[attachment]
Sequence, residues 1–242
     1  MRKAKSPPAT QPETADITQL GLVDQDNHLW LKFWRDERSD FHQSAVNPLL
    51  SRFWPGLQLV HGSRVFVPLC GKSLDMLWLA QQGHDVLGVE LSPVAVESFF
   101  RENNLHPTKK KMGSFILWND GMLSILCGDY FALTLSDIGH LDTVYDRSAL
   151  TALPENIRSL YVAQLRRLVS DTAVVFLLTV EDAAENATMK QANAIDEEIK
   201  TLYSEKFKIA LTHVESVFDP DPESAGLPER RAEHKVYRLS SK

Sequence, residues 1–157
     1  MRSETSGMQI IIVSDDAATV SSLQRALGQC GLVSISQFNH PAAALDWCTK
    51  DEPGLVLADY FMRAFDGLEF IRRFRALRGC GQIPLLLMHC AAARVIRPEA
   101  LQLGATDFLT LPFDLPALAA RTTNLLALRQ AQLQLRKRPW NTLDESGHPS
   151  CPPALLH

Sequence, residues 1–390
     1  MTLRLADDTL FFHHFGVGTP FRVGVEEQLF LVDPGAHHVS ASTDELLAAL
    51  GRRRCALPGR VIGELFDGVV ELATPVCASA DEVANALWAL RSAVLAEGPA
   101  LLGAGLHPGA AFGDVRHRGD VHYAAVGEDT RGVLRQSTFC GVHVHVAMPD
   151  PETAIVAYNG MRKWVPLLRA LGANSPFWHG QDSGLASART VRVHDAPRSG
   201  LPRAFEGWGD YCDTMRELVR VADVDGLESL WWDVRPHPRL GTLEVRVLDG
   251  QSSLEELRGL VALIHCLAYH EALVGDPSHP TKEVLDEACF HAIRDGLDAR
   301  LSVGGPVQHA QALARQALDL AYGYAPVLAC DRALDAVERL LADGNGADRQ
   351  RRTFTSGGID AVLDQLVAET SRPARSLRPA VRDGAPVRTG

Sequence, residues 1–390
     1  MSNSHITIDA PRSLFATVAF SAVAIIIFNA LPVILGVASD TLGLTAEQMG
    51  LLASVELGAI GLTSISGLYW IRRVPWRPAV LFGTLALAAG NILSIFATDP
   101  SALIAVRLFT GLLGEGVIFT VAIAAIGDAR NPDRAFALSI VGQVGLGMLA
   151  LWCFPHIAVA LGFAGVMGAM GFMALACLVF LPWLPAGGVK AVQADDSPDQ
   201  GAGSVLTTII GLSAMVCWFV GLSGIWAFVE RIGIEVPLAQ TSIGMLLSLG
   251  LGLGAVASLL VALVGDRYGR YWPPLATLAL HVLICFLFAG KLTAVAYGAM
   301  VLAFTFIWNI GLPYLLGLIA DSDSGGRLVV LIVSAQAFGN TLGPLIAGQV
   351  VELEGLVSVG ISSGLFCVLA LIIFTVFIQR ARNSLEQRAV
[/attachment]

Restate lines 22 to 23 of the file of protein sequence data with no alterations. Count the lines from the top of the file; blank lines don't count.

     1  MSNSHITIDA PRSLFATVAF SAVAIIIFNA LPVILGVASD TLGLTAEQMG
    51  LLASVELGAI GLTSISGLYW IRRVPWRPAV LFGTLALAAG NILSIFATDP